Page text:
After reviewing the drafts of each team in the AFC North and AFC East, it´s time to analyze the draft classes of the AFC South. Each team in this division has playoff aspirations for this season; the players selected will be a key role in determining the outcome of this division. Which teams had good drafts? Which teams could have done better? Let´s examine.
Full Draft (With Grade)
Round 1, Pick 23: OT Tytus Howard, Alabama State (C)
Round 2, Pick 54: CB Lonnie Johnson Jr., Kentucky (A-)
Round 2, Pick 55: OT Max Scharping, Northern Illinois (B-)
Round 3, Pick 86: TE Kahale Warring, San Diego State (C)
Round 5, Pick 161: DE Charles Omenihu, Texas (B+)
Round 6, Pick 195: CB Xavier Crawford, Central Michigan (B-)
Round 7, Pick 220: FB Cullen Gillaspia, Texas A&M (B)
The Texans had one priority heading into the NFL Draft: upgrade an offensive line that allowed 62 sacks last season. They attempted to do so by taking two tackles within the first two rounds, but they did so with the wrong players. Tackle Tytus Howard, whom the team selected with the 23rd overall selection, has the upside to become a starting-caliber tackle, but he’s a project and was pegged by most as a second-round prospect. For a team that needed an offensive lineman ready to contribute immediately, Howard is not a good fit. What the team needed to do was trade up to get tackle Andre Dillard, the best pass protector in this draft class, but they instead waited for him to fall to their pick and watched as the Eagles traded up to snatch him one pick ahead of them. That could turn out to be a major loss for Houston, and even without Dillard, the team would have been better off selecting a more polished lineman such as Cody Ford or Jawaan Taylor.
The other tackle the Texans selected was Max Scharping in the second-round. Like Howard, Sharping is a developmental, small-school prospect; he won’t be ready to contribute right away and was a reach. Kentucky cornerback Lonnie Johnson Jr., on the other hand, is great value in the second-round as a lengthy cornerback with good coverage skills and helps fill a hole in the secondary. In the third round, the team made a puzzling move, taking tight end Kahale Warring. Warring is a solid tight end prospect, but the team already has a deep group of tight ends and doesn’t need any more depth. Since Warring isn’t a can’t miss prospect, this pick seems strange and unnecessary.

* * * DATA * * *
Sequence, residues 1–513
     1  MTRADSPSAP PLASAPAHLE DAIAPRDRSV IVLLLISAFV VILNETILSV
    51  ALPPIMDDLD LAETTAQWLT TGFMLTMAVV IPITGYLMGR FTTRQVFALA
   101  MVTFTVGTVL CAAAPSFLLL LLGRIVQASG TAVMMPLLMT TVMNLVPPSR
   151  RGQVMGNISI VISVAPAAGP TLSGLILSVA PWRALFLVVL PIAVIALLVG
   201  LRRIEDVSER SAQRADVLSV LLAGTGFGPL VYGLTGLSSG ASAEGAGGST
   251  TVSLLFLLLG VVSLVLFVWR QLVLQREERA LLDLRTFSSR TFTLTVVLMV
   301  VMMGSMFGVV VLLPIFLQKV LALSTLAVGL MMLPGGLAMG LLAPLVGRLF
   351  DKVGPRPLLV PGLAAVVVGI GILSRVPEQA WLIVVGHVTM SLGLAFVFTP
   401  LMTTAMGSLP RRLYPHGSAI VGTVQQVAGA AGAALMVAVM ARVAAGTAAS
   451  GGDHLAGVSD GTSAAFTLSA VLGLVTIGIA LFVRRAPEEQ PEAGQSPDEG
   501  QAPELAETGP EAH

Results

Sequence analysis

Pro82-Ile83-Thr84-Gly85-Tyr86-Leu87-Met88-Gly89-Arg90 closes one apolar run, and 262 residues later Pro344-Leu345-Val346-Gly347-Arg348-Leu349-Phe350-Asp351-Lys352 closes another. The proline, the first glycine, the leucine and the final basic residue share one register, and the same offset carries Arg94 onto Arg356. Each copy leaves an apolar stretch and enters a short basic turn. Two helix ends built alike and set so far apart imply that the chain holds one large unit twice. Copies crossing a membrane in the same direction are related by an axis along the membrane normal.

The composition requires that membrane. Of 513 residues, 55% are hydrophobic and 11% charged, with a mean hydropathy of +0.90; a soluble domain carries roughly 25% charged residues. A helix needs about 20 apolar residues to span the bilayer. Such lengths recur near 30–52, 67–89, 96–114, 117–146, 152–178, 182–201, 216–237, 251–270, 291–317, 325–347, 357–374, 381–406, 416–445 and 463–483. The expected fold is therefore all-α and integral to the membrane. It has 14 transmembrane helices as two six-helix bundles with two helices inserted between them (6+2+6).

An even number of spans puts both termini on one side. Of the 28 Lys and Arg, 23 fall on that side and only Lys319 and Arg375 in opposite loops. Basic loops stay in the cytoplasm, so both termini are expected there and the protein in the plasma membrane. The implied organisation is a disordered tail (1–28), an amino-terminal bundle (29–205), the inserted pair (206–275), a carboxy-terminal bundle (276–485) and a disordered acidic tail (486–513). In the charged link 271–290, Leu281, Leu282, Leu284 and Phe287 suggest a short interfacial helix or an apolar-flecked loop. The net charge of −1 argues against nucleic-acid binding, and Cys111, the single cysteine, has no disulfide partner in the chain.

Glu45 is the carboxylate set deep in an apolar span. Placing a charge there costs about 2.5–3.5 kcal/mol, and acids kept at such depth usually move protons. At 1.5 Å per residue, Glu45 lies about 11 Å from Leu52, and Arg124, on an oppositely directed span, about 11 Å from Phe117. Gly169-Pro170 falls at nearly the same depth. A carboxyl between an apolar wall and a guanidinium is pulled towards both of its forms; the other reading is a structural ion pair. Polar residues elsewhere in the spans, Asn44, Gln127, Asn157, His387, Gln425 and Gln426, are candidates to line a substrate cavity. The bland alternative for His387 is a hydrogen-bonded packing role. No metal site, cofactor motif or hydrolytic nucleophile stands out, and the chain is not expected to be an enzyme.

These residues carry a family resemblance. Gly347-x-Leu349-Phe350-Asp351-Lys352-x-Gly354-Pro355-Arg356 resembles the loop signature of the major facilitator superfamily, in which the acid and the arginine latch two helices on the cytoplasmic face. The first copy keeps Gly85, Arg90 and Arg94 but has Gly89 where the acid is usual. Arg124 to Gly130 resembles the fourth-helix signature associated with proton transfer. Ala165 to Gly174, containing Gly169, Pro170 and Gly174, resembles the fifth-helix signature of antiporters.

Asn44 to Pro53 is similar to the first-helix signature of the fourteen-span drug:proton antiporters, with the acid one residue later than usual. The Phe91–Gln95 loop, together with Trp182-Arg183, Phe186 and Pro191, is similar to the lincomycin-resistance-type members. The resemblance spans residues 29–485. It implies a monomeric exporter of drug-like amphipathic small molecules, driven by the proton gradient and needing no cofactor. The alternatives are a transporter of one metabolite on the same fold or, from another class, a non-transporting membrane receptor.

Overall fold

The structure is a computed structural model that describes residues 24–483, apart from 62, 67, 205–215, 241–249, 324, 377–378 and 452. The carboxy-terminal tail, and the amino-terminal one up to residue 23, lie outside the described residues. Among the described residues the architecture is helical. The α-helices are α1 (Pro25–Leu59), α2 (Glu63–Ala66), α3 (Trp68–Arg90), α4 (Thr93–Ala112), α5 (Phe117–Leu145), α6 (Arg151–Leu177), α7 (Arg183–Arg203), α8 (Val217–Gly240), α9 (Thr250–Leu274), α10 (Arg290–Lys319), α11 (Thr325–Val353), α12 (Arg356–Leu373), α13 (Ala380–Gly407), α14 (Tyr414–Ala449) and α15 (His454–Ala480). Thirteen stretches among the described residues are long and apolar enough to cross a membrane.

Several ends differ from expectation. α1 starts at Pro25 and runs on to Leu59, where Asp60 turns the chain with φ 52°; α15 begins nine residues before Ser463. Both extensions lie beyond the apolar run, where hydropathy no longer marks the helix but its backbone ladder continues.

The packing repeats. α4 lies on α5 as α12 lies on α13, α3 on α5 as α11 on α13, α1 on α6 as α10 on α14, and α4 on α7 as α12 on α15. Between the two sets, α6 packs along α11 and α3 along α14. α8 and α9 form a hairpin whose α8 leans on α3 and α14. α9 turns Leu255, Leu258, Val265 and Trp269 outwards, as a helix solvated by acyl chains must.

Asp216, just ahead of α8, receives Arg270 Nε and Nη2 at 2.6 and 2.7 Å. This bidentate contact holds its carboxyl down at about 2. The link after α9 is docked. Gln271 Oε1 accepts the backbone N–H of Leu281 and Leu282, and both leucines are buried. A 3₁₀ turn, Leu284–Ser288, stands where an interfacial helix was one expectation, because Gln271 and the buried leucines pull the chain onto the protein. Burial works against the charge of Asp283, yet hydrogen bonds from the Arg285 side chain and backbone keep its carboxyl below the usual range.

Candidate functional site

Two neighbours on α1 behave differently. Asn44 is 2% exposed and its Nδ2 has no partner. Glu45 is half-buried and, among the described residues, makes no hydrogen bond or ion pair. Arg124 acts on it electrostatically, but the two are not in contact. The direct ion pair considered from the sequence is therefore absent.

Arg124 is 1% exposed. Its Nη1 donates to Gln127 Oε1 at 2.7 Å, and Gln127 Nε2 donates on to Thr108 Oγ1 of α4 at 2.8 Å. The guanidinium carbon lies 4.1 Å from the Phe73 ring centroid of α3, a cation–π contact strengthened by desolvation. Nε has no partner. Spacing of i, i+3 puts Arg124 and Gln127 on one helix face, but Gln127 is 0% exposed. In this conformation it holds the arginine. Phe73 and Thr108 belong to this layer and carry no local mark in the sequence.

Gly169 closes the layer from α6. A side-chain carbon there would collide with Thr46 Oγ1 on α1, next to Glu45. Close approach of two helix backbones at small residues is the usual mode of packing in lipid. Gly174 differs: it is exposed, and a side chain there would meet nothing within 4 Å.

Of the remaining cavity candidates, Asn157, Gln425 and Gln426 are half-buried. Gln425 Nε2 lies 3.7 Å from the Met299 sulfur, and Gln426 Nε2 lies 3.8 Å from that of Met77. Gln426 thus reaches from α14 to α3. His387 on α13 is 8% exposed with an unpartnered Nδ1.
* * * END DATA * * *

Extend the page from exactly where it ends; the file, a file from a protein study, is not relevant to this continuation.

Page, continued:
Charles Omenihu is a solid pick in the fifth-round; he has the potential to become a starter down the line, even if he currently is very inconsistent. Cornerback Xavier Crawford adds depth to the secondary, but has a very similar profile to Houston’s top corners Bradley Roby and Aaron Colvin, so he isn’t a great fit for them. The Texans didn’t even have a fullback last year, so selecting fullback Cullen Gillaspia may indicate a slight change in the offensive scheme. Otherwise, this is a wasted pick.
The Texans missed out on a great opportunity to upgrade their offensive line. Their draft picks don’t fit their current direction whatsoever; this was a pointless draft for the team outside of selecting Johnson Jr. It’s unclear what the front office was thinking here.
Full Draft (With Grade)
Round 2, Pick 34: CB Rock Ya-Sin, Temple (B+)
Round 2, Pick 49: DE Ben Banogu, TCU (B)
Round 2, Pick 59: WR Parris Campbell, Ohio State (A)
Round 3, Pick 89: LB Bobby Okereke, Stanford (B)
Round 4, Pick 109: S Khari Willis, Michigan State (C)
Round 5, Pick 144: S Marvell Tell, USC (B)
Round 5, Pick 164: LB EJ Speed, Tarelton State (B-)
Round 6, Pick 199: DE Gerri Green, Mississippi State (B-)
Round 7, Pick 240: T Jackson Barton, Utah (B)
Round 7, Pick 246: C Javon Patterson, Ole Miss (B+)
After a surprising season in which they went 10-6 and made the playoffs, thanks in large part to a stellar rookie class, the Colts attempted to build upon their young core with another strong draft. The team did not have a first-round pick since it traded down from the 26th overall selection to the 49th overall selection, earning an extra 2020 second-round pick, so their first pick didn’t come until the 34th overall pick. With that pick, they selected Temple cornerback Rock Ya-Sin, a physical cornerback who could flourish into an above average starter if developed properly. Luckily for the Colts, they have proven to be amongst the league’s bets with regards to player development; Ya-Sin should become a starting cornerback for them. Still, this wasn’t a no-brainer pick; LSU’s Greedy Williams was still on the board and fits their zone coverage scheme.